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Home Herne Bay News Article
A builder injured in a freak accident is one of more than 370 people saved from possible homelessness in a pioneering link between GPs and a charity.
Jason, 36, from Herne Bay, turned to the Primary Care Community Link Service after a bungee strap came loose from a van roof rack and hit him in the eye.
As he faced the fact he would never work again in the construction industry, Jason started suffering from depression and sleeping all day.
It was when he went to his GP for help that he was told of a service provided by charity Porchlight, dedicated to helping those at risk of homelessness.
He said: “The bungee strap came loose and hit me in the eye; I was sat by the side of the road, covered in blood and going in and out of consciousness.
"I’ve never experienced pain like it. I had three operations but eventually there was no more that could be done and I lost the sight in my left eye completely.
“I’ve worked all my life and never asked for help from the government. In the year that followed I spent all my savings and things at home had fallen apart. I had to move out."
Jason said he went to the council and job centre, but got very little support.
As he spiralled into depression he was just days away from rough sleeping.
Jason added: "I was suffering with depression and just sleeping all day. If it wasn’t for my two children I could have been tempted to say enough is enough."
He heard about Porchlight through his GP.
By contacting the Canterbury-based charity he was able to access the right benefits and secure an affordable rented place.
"You need to put some effort in yourself but Porchlight is there to fight your corner.”
Jason was one of more than 370 people helped by the service in its first three months.
The Primary Care Community Link Service, run by leading homelessness charity Porchlight, was jointly commissioned by Kent Clinical Commissioning Groups, Kent County Council Families and Social Care (Adults) and Public Health last year to work alongside GP surgeries in reaching people who are making repeat visits to their GP because of low-level mental health issues.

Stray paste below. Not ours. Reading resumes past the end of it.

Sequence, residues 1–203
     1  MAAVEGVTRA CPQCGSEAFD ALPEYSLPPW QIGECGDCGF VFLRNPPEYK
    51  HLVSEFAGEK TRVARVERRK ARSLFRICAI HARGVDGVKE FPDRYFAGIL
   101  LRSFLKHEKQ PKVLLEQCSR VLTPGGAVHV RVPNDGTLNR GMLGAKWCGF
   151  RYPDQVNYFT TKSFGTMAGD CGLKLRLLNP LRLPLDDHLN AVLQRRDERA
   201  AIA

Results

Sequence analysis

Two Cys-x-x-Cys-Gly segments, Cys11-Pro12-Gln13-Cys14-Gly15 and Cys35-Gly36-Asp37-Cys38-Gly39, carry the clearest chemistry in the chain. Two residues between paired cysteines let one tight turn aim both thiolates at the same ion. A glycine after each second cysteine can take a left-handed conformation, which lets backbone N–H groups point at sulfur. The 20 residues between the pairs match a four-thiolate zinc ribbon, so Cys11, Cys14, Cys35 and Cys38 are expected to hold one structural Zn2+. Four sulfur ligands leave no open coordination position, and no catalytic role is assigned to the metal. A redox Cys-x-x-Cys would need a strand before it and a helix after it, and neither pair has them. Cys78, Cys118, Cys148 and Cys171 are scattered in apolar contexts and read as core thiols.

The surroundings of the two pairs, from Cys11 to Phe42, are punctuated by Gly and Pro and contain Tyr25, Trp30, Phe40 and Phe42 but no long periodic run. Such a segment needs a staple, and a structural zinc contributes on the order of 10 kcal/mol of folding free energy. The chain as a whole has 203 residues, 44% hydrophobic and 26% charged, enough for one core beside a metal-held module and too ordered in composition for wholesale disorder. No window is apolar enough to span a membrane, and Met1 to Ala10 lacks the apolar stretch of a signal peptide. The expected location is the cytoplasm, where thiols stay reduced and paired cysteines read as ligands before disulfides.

Chris Coffey, head of youth and community services at the charity, said: “We recognised that people will sometimes visit their GP with what seems like a medical issue but is often linked to their circumstances at home such as debt, housing issues and isolation.
"If we can step in to sort out those issues then it may remove the need for medical intervention.
"This takes the pressure off GPs and in many cases can prevent someone’s situation from deteriorating.
“This is intensive support built around the specific needs of the person.
"This takes the pressure off GPs and in many cases can prevent someone’s situation from deteriorating" - Chris Coffey
"It can last for up to eight weeks, but in many cases just a few days of professional help is enough to make the difference.”
The charity says it aims to help 2,000 people a year with the service and is encouraging anyone visiting their GP because of depression, low self-esteem or because they are struggling with day-to-day life to contact them as soon as possible.
Support is completely free, open to all adults living in Kent and can last for up to eight weeks.
Professional support workers can provide help and advice in a range of areas including money, housing, education, training and volunteering, community involvement, health, drugs & alcohol and confidence.
You can ask your GP about the Primary Care Community Link Service or contact the charity directly on 0800 567 76 99.
To find out more about Porchlight visit the charity's website.
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